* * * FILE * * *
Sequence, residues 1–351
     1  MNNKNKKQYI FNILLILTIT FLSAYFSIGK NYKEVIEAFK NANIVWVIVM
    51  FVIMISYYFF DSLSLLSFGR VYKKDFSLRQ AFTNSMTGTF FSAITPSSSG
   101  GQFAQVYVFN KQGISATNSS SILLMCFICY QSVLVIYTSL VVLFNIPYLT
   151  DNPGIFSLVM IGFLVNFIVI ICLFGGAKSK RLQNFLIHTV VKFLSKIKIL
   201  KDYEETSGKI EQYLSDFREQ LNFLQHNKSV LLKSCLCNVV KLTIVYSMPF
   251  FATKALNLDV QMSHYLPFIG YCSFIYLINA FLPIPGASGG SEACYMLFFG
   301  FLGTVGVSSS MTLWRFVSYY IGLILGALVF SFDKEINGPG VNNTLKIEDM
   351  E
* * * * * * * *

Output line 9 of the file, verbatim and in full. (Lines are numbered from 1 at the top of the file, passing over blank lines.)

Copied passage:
   351  E